“Given the huge funding gulf, the government should now take the opportunity to build both a political and public consensus around the need for a new ‘Social Care Premium’ to secure a fair and sustainable system in the long-term.”
Conservative MP Sarah Wollaston, chair of the Health and Social Care committee, argued there cannot be any more delays in “finding a fair and sustainable settlement for social care”.
She said: “Too many people are being left without the care and support they need and it is time for decisions to be made about how the costs are shared.”
The committees recommend that an independent body should be tasked with modelling requirements and providing the government with two-yearly forecasts.
Further funding reforms outlined in the report include levying an extra amount of inheritance tax on estates valued above a certain threshold and capped at a percentage of the total value.
This would enable the pooling of risk and prevent catastrophic costs to those receiving long term care, the MPs said.
Alistair McQueen, head of savings and retirement at Aviva, noted that like the NHS, the UK’s social care system is also celebrating its 70th birthday in 2018.
He said: “Unlike the NHS, this government - and its predecessors - have been slow to come forward with actions to address its funding crisis.
“There have been 12 government green papers over the past 20 years, yet decisive action has been absent. Other, more immediate, political pressures have seized the attention.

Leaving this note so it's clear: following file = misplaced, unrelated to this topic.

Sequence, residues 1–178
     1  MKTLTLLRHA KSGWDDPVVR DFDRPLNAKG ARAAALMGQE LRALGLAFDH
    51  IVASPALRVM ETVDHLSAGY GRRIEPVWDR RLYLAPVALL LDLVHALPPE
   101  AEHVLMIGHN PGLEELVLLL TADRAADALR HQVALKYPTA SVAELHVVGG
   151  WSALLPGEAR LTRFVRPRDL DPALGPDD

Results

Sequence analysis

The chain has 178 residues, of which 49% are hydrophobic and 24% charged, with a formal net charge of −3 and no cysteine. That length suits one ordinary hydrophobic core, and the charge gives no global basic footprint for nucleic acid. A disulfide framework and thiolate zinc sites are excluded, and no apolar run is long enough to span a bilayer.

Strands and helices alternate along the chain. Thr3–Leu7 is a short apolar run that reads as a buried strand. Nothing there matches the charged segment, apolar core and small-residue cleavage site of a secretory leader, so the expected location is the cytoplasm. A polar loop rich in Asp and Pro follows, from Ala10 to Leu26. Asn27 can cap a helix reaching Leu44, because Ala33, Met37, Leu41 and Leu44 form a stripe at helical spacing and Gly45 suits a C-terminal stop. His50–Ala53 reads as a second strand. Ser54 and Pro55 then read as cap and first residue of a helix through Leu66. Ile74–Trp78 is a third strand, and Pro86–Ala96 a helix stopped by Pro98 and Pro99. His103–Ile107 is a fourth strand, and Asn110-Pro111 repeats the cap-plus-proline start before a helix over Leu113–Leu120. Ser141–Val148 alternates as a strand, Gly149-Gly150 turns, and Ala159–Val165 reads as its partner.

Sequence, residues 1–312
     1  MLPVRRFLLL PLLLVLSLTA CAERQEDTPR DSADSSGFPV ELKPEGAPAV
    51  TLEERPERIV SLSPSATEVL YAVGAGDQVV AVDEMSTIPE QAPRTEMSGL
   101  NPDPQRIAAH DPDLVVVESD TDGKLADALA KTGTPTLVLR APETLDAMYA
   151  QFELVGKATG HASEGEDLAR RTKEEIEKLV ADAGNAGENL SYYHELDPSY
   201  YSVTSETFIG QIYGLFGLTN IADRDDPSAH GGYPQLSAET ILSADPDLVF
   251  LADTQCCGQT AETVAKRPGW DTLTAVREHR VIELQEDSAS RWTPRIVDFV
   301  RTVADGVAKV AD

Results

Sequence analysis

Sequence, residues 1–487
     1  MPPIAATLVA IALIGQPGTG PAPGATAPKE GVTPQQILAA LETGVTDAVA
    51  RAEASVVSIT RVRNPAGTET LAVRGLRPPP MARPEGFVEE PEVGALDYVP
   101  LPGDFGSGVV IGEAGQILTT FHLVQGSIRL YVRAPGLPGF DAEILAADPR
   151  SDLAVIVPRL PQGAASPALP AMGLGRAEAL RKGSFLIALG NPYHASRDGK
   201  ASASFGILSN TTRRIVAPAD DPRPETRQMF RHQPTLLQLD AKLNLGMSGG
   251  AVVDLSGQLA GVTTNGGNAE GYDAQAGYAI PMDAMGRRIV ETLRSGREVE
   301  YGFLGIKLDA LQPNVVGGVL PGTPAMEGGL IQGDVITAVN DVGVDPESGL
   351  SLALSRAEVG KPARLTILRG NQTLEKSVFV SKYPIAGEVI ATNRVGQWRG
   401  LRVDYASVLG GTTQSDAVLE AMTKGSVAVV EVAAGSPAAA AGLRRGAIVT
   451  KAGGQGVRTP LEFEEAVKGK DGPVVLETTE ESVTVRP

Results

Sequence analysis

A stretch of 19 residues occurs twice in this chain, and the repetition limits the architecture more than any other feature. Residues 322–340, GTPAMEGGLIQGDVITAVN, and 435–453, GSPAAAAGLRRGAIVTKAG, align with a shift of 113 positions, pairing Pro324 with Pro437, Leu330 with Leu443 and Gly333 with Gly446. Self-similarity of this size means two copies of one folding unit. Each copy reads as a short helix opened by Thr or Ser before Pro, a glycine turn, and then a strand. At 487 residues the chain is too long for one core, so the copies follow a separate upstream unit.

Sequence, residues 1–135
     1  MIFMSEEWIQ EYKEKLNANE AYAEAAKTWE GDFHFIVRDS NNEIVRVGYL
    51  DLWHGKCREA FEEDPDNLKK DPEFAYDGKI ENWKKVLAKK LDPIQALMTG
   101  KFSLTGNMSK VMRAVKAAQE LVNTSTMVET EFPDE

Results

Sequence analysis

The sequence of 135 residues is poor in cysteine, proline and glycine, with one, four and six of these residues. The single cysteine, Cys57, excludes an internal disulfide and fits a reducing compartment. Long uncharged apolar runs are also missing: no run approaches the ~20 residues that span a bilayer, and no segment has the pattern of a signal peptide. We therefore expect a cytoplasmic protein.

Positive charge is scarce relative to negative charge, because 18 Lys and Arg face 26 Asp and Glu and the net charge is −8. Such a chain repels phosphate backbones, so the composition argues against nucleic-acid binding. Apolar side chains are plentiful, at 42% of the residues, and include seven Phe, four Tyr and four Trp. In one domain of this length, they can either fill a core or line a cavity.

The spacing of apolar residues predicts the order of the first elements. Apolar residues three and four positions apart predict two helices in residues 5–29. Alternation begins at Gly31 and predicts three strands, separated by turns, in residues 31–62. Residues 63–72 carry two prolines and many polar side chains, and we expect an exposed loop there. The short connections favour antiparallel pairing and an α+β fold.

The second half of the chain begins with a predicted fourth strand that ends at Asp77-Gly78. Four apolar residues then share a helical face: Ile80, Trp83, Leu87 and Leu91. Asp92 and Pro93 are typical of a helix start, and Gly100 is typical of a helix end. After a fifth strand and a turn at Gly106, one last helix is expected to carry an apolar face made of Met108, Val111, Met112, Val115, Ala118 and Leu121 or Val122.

“Today’s report shines another light on the well-illuminated problem of social care. Many lights are on, but it remains to be seen if politicians and the government are yet at home.”
Nathan Long, senior pension analyst at Hargreaves Lansdown, argued the issue of “funding later life care is as monumental as that of having enough money saved for retirement”.
He said: “The key difference is that pensions have been tackled, at least in part, with the introduction of auto-enrolment.
“Social care is crying out for a similarly effective policy intervention, but with increasing awareness of wealth gaps opening up between the old and young, fixing the problems remains hugely challenging.
“Life begins at 40, but starting to tax specifically at age 40 seems fairly arbitrary. Those doing the right thing and saving for their future should make sure they do so tax efficiently. Money already stowed away in Isas and pensions still look to be a robust shelter from the winds of political change.”